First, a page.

In July 1628 Laud was translated from Bath and Wells to become Bishop of London, in moves that followed on from the death of Andrewes. After this breakthrough in church politics, it becomes meaningful to define "Laudians" or "Lauders" as his followers.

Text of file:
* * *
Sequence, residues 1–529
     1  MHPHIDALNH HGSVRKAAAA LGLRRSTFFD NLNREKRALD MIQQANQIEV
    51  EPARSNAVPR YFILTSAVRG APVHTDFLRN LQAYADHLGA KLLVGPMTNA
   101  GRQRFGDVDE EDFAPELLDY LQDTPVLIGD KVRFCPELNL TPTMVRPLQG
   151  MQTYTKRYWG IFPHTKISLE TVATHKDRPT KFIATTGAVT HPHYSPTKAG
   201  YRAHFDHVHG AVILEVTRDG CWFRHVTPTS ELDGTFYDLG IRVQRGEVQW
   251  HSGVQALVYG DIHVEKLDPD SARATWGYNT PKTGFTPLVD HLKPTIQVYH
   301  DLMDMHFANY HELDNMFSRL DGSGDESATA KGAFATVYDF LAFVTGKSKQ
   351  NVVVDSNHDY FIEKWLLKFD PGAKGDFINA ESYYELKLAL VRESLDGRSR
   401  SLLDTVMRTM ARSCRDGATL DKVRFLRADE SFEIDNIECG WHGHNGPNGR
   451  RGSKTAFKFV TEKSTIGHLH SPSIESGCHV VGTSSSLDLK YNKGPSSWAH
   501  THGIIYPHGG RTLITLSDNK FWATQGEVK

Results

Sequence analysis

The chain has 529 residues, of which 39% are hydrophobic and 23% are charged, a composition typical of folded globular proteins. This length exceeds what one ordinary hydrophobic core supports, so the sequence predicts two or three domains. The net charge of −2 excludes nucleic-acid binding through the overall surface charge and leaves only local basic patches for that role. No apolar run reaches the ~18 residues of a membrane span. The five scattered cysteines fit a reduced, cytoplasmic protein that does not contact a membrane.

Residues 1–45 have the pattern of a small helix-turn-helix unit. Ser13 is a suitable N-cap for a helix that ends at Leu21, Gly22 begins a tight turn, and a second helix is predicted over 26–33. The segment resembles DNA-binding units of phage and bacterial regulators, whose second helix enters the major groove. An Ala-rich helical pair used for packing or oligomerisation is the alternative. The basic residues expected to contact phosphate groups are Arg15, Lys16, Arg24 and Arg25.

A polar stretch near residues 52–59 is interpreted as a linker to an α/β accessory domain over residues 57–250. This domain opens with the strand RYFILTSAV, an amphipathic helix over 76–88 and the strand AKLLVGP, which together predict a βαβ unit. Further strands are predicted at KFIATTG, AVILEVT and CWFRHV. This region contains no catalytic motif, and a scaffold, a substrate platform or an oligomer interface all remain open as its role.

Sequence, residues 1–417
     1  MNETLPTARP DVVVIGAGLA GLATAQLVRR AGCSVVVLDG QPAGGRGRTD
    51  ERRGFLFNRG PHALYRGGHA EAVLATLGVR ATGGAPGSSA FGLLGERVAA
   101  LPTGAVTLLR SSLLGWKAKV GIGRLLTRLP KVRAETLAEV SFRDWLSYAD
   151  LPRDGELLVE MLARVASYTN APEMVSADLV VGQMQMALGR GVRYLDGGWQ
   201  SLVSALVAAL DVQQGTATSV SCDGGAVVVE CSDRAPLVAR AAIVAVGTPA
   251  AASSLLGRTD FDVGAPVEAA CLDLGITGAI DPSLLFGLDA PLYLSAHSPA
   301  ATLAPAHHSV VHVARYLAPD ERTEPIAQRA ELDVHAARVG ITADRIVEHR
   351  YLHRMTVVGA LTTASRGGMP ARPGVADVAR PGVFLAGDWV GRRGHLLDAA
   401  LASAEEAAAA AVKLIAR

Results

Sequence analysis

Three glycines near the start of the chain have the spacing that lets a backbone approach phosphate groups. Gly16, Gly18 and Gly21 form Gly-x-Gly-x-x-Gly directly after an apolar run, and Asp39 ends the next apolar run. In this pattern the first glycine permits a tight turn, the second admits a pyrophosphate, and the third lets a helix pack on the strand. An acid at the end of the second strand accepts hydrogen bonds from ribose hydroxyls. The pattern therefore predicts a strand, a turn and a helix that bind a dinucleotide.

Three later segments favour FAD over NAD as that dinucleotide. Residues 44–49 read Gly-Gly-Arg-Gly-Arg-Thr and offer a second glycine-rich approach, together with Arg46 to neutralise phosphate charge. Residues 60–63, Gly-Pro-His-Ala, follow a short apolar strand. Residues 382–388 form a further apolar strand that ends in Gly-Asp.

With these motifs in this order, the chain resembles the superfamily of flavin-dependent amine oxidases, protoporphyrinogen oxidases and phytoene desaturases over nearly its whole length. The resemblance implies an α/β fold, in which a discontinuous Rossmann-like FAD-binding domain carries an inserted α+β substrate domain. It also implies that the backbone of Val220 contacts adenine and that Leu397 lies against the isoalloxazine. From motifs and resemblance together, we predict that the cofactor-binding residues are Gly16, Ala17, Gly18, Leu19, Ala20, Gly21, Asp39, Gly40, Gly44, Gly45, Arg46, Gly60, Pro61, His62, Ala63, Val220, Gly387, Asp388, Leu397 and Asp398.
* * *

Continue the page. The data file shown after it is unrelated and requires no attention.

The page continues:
On the political stage, the personal rule of Charles I began in 1629 and Laud shortly became a key part of it, in alliance with Thomas Wentworth. Historian Mark Perry argues that by 1626 in private consultations with the king and Buckingham, and in his public role in the House of Lords, Laud was a highly effective parliamentarian and a key adviser and policy-maker.Laud distrusted parliamentary bargaining, and was always determined to resist all encroachments upon the royal prerogative, especially in matters of taxation. His strong positions were the focus of attack during his trial in 1644. When Wentworth was posted to Ireland in 1632, Laud brought his personal correspondence from him rapidly to the king's attention. It is in this correspondence, in 1633, that the term "Thorough" appears. In practical terms it meant the pursuit of ambitious policy objectives, on behalf of the king, disregarding special interests, and, particularly, legalistic prevarications. There were opponents at court: Richard Weston, 1st Earl of Portland, Francis Cottington, 1st Baron Cottington and Queen Henrietta Maria. Cottington observed that Laud could not keep his temper in Council meetings, and by 1637 Laud found he could not follow Wentworth in imagining their push for rigid policies would succeed.